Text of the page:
When it comes to working with corporate meeting planners, “I try to get the group’s rules — and by rules I mean dietary restrictions and aversions,” says Baron. “I like to get a background of what they’re doing and why they’re doing it. Then I tell them to let us do our job and our sourcing to do what we do best. We work within their price range to deliver what they want out of the meal.” He often ends up customizing menus to their tastes and needs.
Meeting food doesn’t have to be all healthy all the time. “Guests like to see the healthier options available, and may grab a little here and there, but the chips, pretzels and chicken wings are still going to be the most popular items,” says Garcia.
“The meeting planner has to have strong knowledge of what the client or group expects and enjoys,” he adds. After all, the ratio of healthy food to sweet and salty treats meeting attendees want will vary widely from group to group. “If healthy options are a priority, the meeting planner will need to deliver that message to the chef and catering manager.”
Striking the right balance between healthy options and indulgent ones can be fun. Given the popularity of small plates, Delaney likes to set up themed stations around the dining area to encourage participants to try a little of everything. “You can have one that’s fun healthy options, then one that’s for people who follow a halal or vegetarian diet,” she says.
This is a good way to serve ethnic cuisines without alienating people who are hesitant to try new things. “An ‘around the world’ feel gives everybody that little bit of satisfaction and little bit of healthy, and it helps broaden people’s horizons,” she says. “They can try some new spices or vegetarian foods and see how they like them.”
“I would definitely say the trend is to find more fun ways of bringing healthy food and beverage into events,” says Terenzi. One great way to do this is through eye-catching and entertaining displays.
“Colors can add a lot,” says Jarrod Salaiz, senior event producer with High Beam Events. So can edible flowers or Instagram-worthy plating. “When we think about selling a client on healthy food, it can seem a little scary. But if it’s beautiful and tastes great, people will go crazy for it. It will bring people in no matter what the food is.”
Creating more attractive food displays can be as easy at putting vegetables and fruits on more interesting platters or containers, Garcia says. Or it can be as involved as building an entire buffet around a clever theme and fun decorations. Work with your caterer and any event designers to create something no one has seen before (or everyone has been buzzing about on social media). No one will be able to resist digging in.
Healthy food should carry over from meals into snack time. Serving healthy, high-protein items will give people more energy to participate in events throughout the day.
“What people are snacking on and drinking in today’s world is getting adapted in banquet kitchens,” says Schugt. “Previously, you would have popcorn stations and ice cream stations. Now that’s been replaced with smoothie stations and many different and interesting presentations of coffees and espressos. Hotels have baristas for breaks and meals to prep coffee drinks like lattes. Instead of having bags of chips, you’ll find Kind bars.”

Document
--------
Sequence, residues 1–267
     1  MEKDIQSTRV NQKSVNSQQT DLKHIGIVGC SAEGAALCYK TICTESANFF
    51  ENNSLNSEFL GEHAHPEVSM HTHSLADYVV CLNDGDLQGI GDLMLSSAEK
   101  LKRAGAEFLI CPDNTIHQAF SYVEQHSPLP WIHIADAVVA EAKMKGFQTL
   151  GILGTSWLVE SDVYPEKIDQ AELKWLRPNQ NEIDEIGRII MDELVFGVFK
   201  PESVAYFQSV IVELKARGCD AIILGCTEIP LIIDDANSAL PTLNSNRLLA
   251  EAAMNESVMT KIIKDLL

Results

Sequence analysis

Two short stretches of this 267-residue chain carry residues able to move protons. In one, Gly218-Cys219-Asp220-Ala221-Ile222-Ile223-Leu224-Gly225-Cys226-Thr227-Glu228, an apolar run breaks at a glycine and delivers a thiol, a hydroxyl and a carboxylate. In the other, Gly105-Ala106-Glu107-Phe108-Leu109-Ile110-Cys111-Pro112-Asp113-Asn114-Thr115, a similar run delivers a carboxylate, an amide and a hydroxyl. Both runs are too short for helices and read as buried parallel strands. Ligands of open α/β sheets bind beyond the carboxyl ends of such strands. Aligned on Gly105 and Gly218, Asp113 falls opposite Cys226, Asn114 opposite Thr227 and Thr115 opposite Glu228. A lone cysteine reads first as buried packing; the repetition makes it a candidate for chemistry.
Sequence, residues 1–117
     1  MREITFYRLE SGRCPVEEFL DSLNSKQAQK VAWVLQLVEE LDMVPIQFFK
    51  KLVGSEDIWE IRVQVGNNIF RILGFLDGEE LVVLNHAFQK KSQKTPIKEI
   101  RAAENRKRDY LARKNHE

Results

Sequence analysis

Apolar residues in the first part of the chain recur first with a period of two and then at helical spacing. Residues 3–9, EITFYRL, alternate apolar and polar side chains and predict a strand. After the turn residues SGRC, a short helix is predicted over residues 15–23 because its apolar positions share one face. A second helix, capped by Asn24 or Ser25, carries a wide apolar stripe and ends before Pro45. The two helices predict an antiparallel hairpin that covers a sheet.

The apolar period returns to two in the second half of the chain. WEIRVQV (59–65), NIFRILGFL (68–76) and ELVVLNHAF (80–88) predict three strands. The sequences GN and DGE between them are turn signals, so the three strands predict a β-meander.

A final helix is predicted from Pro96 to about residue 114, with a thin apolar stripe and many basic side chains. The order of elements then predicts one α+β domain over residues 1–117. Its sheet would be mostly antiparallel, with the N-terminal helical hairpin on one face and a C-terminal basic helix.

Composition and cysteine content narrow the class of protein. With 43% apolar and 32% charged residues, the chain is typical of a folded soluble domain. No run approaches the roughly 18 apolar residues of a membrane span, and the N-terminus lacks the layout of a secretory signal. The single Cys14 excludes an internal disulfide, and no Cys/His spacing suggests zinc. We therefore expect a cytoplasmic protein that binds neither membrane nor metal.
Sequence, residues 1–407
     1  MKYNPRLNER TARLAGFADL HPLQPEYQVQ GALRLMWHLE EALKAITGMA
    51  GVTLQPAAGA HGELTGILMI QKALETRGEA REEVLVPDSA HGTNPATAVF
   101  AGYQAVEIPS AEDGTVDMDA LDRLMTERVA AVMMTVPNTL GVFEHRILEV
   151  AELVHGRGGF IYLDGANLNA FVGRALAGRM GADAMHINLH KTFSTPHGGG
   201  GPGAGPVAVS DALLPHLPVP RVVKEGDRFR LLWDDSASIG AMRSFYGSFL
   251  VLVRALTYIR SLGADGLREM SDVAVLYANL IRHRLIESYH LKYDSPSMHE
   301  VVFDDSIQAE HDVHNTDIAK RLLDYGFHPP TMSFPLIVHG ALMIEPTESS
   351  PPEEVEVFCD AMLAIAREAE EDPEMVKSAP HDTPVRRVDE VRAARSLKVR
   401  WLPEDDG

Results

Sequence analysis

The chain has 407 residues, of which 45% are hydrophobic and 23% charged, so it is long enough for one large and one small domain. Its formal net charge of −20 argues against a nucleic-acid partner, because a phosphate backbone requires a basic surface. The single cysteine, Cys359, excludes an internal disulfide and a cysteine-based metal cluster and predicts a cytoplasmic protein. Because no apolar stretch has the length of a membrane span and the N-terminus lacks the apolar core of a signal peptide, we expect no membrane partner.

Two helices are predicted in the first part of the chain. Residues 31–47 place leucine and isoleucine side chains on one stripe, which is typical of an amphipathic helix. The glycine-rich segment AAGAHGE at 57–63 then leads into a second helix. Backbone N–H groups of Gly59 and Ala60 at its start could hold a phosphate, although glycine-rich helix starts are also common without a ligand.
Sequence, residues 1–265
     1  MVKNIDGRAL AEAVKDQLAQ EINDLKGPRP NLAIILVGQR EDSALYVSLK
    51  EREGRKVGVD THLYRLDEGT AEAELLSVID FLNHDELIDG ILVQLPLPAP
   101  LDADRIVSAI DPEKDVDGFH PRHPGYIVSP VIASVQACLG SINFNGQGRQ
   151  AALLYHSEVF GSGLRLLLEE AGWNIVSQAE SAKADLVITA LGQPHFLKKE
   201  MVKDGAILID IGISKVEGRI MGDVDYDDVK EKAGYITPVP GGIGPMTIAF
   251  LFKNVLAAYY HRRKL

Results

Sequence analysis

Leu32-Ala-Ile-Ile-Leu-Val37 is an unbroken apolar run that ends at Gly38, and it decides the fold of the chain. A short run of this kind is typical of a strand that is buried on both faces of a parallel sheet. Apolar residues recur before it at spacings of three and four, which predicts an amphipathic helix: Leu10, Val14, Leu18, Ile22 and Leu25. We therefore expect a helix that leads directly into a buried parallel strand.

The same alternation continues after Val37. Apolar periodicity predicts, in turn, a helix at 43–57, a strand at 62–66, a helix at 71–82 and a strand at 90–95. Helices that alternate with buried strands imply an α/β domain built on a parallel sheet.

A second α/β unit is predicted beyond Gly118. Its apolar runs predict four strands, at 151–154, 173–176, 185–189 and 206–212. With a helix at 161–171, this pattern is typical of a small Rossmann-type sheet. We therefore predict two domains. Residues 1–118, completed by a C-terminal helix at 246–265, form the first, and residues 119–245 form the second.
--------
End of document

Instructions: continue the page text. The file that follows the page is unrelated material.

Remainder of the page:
“Corporations and groups are not going for the meat platters as much anymore,” Baron says. “They’re going for vegetable and fruit plates with dips.” For the latter, cooks can offer plenty of alternatives to ranch dressing. Try hummus plain, blended with white or fava beans instead of garbanzos, or combined with vegetables like beets or roasted peppers. Yogurt-based dips have less fat than their sour cream-heavy counterparts.
Health-conscious consumption doesn’t stop at the break table. Consumers are more concerned than ever about what they drink. And food providers are responding with flavorful choices meeting participants can enjoy all day.
“The No. 1 thing you’re seeing, because we’re always trying to hydrate attendees, is flavored water or spa water,” says Delaney.
Baron backs this up. “We cut down coffee in the lobby and are doing infused water with citrus or fruit or berries,” he says.
Water stations provide some interesting opportunities to meet other meeting goals. Salaiz points out that many consumers who are interested in eating better are also concerned about lowering their carbon footprint. A water station that allows them to continually refill a water bottle is more eco-friendly than utilizing several plastic water bottles.
In addition, he says, companies can set out their own branded reusable water bottles (or sponsored water bottles) that attendees can pick up. This provides an additional opportunity to share a marketing message or sell a sponsorship.
“Coconut water is becoming more available for meetings and events,” says Garcia. “Teas are back in popularity and offered all day.” Kombucha, a fermented tea that contains probiotics (and a tiny bit of alcohol) may also be popular with some attendees.
For people who still crave that cup of coffee, there’s a new option that’s being called a healthier choice: butter coffee. “This was a hit in Austin a few years ago,” says Salaiz. “Instead of adding sugar and cream to your coffee there’s a special butter with healthy fat that you can add.”
“Fresh pressed juices are always a big hit,” says Delaney. Fruit isn’t the only thing being juiced anymore; drinks that contain vegetables such as beets, carrots, spinach and kale are also quite popular.
Juice is great for breakfasts or breaks, but it can also be used in mocktails, which are another healthy beverage trend. “People are serving less alcohol, but when they’re doing bars, instead of using traditional sweet and sour mixes they’re doing fresh juices,” says Terenzi.
Meeting attendees go crazy for smoothie bars. One twist is to allow people to make their own or choose from a list of ingredients, Terenzi says.
No matter what food and beverages you serve, the key is to keep it fun, Salaiz says. “There are so many caterers who want to experiment with different flavor profiles and different colors.” With their help, meeting-goers won’t even remember that they indulged in healthy treats on their trip. All they’ll remember are the flavors that tempted their taste buds day after flavorful day.” C&IT